President Don Green discusses tuition, equity and COVID-19

The president reflects on the fall semester and provides updates on plans for the spring



New Point Park President Don Green at Point Park University in Pittsburgh Pennsylvania. (Photo by Megan Gloeckler)

Written By Amanda Andrews and Jake Dabkowski

In an exclusive interview with the Globe, President Donald Green spoke about his experiences and observations during his first semester, the recently announced tuition increases, the ongoing pandemic, as well as his plans for working with the Office of Equity and Inclusion.

Reflections on The Fall Semester

The Fall 2021 Semester was Green’s first semester as president. He replaced former President Paul Hennigan through a transitional period during the summer of 2021. Green took some time during the interview to reflect on his experience throughout the first semester.

“I have a far better understanding of the university as a whole and really appreciate all of the amazing amenities and opportunities that we have here at the institution,” Green said. “Over the previous semester, I certainly met with a wide variety of students and student groups, but I also had… smaller meetings with faculty and staff so that I can better learn who they were and have conversations with them about their priorities for the institution.”

Green has received praise from students and the university community over his hands-on approach.

“So far, my interactions and conclusions about Doctor Green have been great,” Sarah Juba, a junior early education major, said. “I met him over the summer for a PR event from admissions when I worked there, and I learned a lot about him. I have seen him serve food
at events, connect with students and so much more.”

One thing Green said he’d like to focus on improving is the graduation rate at Point Park.

In 2015, Point Park had a graduation rate of 61%, according to the latest Disclosure of Institutional Graduation/Completion
Rates on their website. This is slightly lower than the National Center for Education Statistics’ nationwide average graduation rate of 63% (although they measure bachelor’s education as six years instead of four).

Green said he visited every City and University Life class last semester to discuss the importance of graduation.

“It seems simple but honestly, there are many, many students every year who attend college but never graduate,” Green said. “And so that’s why it was extremely important to me as well that I went to everyone in the university classes so we could talk about making sure that they graduate and then talking about some of the success skills that are necessary to be able to graduate [such as] building strong relationships with your faculty.”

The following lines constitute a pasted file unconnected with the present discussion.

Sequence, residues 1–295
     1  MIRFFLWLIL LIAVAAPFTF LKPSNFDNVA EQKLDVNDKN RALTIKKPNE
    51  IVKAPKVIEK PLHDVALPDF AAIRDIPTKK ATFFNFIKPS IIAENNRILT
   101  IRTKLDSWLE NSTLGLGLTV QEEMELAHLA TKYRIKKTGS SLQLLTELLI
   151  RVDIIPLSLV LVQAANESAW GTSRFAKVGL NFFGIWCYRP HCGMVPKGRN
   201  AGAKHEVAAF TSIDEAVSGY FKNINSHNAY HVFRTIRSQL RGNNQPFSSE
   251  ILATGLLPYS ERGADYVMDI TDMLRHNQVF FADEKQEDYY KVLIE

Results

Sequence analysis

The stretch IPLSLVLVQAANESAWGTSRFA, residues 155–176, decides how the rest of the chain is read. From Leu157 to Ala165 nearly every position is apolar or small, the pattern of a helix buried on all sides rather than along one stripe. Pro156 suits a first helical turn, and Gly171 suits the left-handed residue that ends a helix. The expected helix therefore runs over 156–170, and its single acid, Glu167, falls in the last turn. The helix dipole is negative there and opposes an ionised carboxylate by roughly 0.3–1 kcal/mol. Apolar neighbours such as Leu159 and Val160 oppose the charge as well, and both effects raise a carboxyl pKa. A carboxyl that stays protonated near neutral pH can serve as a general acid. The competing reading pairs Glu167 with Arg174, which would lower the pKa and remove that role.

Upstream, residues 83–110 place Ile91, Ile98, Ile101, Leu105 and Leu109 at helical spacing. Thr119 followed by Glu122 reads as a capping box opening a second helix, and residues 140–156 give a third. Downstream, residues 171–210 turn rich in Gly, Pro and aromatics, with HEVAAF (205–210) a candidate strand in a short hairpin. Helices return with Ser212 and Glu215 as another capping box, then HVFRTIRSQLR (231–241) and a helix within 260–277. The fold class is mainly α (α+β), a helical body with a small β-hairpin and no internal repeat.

Office of Equity & Inclusion

In August, when Green first spoke with The Globe, he was very adamant about taking steps to improve the status of diversity and inclusion at the university. During the fall semester, there were little to no new university-wide announcements about diversity
and inclusion initiatives, but Green said he partly attributed this to the unique obstacles the pandemic has created and has plans involving diversity for the future.

“Certainly COVID and having people at a distance has certainly slowed down some of the opportunity to meet and to build those relationships,” Green said. “But one of the things I’m most excited about is that…the Office of Equity and Inclusion is working with
the president’s office to create a multicultural student organization, ISLA [which stands for] Inclusive Student Leadership
Association. So the purpose of that organization is to assist in establishing a strong university community, and we want to provide opportunities and experiences inclusive of underrepresented and traditionally marginalized communities.”

A date for when ISLA will be established was not immediately given, but the president added that he is planning on addressing diversity within the hiring process and will be looking into ways so that “employee population should mirror our student population and the community at large.”’

Before the proposed development of ISLA and inclusive hiring strategies, the university had instated steering committees after multiple students, particularly in the Conservatory of Performing Arts, had raised issues with the university’s handling of diversity in multiple situations, including within stage productions, two years ago. Those committees had been headed by Hennigan until his retirement last spring.